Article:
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Building defects in body corporate properties

Building Defects in Body Corporate Properties

Building defects can arise in body corporate properties – this article looks into the steps for a body corporate to resolve building defects, and provides some useful guidance to assist committees to manage building and construction issues.

Click here to download our Guide to Defects book which includes a checklist. 

Potential building defects

In Queensland, consumers generally enjoy a high level of consumer protection. This extends to a regulation scheme about defective building work, administered by the Queensland Building and Construction Commission (QBCC).

Building defects can range from very minor to significant and are not necessarily reflective of the quality of the development or building generally. Buildings are complicated and involving near-endless products, suppliers and subcontractors.

If a defect arises within a certain warranted time period, it is important to take practical and reasonable steps to resolve the issue amicably with the builder. In nearly all cases this reasonable approach resolves the issue without dispute.

In some cases, a dispute between the parties (owner, builder, supplier or sub-contractor) can arise, and in those situations, owners can take advice and assistance from the QBCC – the Queensland construction regulator.

It is important to take a reasonable, clear and pragmatic approach to all cases, as that will ensure that if you later need assistance from the QBCC, you will maximise your chance of obtaining a positive result.

Owner’s rights in a body corporate development

In the eyes of the Queensland building regulator – an owner of a property in a body corporate development has nearly-identical rights to the owner of a normal free-standing house.

In most cases involving a defect within an owner’s property (inside their apartment, townhouse or a commercial lot), has nothing to do with the body corporate.

It is important to identify the body corporate’s involvement (if any) as early as possible after discovering a building defect.

Responsibility

Body corporate or owner

Often building defects (suspected or known) are brought first to the attention of the body corporate committee or on-site manager by an owner or resident of an individual lot. It is important to note that not all building defects are automatically a body corporate matter, though it is often in the body corporate’s best interests to be aware of the issue.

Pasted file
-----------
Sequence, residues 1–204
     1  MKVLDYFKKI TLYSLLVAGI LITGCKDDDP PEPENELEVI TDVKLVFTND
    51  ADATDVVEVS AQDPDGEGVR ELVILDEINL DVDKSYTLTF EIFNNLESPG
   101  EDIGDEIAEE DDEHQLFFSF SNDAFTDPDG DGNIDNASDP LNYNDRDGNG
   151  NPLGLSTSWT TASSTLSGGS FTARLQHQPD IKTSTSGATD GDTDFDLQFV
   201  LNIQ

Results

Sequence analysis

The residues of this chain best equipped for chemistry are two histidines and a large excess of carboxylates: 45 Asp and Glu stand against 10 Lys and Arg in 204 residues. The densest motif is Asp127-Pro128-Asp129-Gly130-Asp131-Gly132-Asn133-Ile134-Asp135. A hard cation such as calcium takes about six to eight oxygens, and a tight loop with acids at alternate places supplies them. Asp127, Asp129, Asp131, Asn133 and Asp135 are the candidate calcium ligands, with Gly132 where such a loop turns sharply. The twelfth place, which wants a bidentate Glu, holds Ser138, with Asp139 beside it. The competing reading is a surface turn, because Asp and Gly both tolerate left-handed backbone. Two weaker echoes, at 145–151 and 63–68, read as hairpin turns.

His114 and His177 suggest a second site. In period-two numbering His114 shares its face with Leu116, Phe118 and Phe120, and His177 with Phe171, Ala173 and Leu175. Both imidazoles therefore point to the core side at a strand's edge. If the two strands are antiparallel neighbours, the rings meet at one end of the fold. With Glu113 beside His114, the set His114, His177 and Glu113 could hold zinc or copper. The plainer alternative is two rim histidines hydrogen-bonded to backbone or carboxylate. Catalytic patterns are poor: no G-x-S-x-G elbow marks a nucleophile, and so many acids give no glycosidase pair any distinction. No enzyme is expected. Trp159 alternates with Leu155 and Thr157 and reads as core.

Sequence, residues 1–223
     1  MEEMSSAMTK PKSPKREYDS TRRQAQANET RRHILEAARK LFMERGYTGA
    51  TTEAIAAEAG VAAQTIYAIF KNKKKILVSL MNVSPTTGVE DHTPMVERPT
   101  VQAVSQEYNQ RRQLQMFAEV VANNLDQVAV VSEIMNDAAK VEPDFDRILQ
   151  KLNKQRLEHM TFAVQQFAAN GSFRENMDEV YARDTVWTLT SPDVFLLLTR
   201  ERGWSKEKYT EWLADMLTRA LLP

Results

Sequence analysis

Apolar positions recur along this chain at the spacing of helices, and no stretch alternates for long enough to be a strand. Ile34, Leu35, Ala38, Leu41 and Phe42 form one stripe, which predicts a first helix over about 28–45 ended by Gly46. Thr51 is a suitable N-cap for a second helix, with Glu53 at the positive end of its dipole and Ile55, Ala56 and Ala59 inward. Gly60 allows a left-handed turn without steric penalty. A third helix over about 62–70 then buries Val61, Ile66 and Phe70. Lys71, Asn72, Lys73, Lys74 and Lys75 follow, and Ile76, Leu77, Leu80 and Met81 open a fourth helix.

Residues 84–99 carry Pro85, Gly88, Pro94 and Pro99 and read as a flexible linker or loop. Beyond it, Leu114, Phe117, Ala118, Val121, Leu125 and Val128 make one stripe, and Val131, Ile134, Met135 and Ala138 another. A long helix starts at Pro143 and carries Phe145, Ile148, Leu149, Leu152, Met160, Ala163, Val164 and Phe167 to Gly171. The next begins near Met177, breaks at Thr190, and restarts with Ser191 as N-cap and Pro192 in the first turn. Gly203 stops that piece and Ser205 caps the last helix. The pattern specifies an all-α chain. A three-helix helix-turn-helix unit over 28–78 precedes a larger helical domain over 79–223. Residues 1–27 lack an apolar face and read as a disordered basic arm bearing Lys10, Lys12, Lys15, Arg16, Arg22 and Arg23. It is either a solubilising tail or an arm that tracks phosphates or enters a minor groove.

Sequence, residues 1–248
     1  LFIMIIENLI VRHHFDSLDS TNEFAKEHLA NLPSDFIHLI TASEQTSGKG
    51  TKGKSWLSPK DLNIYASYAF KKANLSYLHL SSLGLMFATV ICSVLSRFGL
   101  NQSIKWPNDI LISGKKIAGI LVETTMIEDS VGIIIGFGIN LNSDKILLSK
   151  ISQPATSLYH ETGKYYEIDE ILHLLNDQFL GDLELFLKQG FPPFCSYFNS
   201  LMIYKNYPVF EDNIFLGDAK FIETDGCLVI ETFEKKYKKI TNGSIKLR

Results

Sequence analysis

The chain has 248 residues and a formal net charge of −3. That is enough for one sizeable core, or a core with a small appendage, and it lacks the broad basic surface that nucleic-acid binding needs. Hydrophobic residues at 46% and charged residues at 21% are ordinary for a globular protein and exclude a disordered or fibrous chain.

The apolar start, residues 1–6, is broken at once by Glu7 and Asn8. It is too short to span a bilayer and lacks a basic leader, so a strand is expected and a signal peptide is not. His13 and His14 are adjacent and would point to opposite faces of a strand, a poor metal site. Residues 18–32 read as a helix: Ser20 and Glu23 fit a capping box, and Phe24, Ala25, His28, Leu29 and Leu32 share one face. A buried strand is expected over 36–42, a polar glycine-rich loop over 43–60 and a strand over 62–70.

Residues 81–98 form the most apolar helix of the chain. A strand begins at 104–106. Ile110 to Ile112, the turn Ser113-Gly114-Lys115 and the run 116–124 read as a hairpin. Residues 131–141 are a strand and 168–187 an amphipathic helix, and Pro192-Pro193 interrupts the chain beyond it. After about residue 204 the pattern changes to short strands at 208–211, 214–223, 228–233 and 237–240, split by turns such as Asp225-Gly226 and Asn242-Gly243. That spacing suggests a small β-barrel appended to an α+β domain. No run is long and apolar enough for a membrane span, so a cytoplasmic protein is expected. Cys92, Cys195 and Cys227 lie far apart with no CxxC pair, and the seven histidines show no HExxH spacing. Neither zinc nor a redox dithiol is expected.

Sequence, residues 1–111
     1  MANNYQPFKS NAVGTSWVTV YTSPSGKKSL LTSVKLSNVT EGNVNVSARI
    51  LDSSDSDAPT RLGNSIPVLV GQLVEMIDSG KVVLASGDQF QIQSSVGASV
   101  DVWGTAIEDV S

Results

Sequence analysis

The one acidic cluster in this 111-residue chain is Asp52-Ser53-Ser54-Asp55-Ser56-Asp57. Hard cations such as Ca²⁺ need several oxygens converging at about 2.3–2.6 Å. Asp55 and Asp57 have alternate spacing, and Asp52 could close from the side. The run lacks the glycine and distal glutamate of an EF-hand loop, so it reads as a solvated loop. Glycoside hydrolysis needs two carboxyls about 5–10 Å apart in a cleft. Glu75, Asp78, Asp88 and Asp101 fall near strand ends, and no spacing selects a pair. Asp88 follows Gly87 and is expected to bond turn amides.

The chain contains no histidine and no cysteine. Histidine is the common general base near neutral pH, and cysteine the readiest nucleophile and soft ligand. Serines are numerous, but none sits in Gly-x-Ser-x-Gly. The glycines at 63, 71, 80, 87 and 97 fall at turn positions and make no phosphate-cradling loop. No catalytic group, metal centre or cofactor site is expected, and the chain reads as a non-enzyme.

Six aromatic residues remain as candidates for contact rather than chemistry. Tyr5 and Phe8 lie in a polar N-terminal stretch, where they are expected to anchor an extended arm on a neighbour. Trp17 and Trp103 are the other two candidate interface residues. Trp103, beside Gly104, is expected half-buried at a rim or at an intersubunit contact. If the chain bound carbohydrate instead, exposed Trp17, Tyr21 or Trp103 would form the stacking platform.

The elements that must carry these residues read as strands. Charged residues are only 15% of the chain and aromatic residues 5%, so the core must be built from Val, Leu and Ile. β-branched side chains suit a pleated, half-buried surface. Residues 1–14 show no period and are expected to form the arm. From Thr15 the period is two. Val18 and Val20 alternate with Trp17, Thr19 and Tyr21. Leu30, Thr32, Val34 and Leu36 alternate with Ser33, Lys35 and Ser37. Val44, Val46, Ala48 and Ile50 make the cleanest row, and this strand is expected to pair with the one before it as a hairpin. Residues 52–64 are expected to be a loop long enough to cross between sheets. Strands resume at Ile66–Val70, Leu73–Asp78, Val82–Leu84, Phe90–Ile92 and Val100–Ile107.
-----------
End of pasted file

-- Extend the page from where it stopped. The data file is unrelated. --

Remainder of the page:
It is important to establish early who is responsible for progressing the issue to a resolution. If this is not made clear at the start, it is possible for defects to go unmanaged, which can result in the defect period expiring or the Queensland Building and Construction Commission (QBCC) assistance eligibility being lost.

The following general principle applies: The person who is responsible for managing a building defect complaint is the same person who would ordinarily be responsible to maintain that building element under normal circumstances.

  • Example 1 – A kitchen bench-top in a new apartment has an installation defect. As the kitchen bench-top is ordinarily the responsibility of the unit owner, the unit owner is also responsible to progress the building defect matter.
  • Example 2 – One new townhouse is suffering a roof leak, only causing water entry to one lot. As the roof of the example townhouse is common property, the body corporate is responsible for progressing the building defect matter despite only one lot being affected. This is because the body corporate is the owner of the common property roof.
  • Example 3 – The common property (shared) pool has a leak. As the common property pool is under the control of the body corporate, the body corporate is responsible for progressing this defect matter.

 

Defect in common property Defect inside 1 lot

 

Defect inside 2 or more lots Defect in common property AND 1 or more lots
  • Body corporate is responsible
  • The affected lot owner is responsible.
  • Body corporate to be informed for record purposes.
  • Affected lot owners (each owner) are responsible.
  • One complaint will be required for each affected lot.
  • Body corporate to be informed for record purposes.
  • Body corporate and affected lot owner are both responsible for their own part.
  • One complaint for common property and one complaint for each affected lot.

 

Under the QBCC policy, a complaint must be made by the person who is the owner of the affected property.

In a body corporate with 50 lots, there are 51 owners (each lot owner individually, plus the body corporate).

It is possible for a defect to independently affect many owners in the scheme, which means the QBCC would receive up to 51 separate complaint files. Whilst this seems to be a lot of double-handling, the QBCC is rigid in the way it deals with these types of complaints.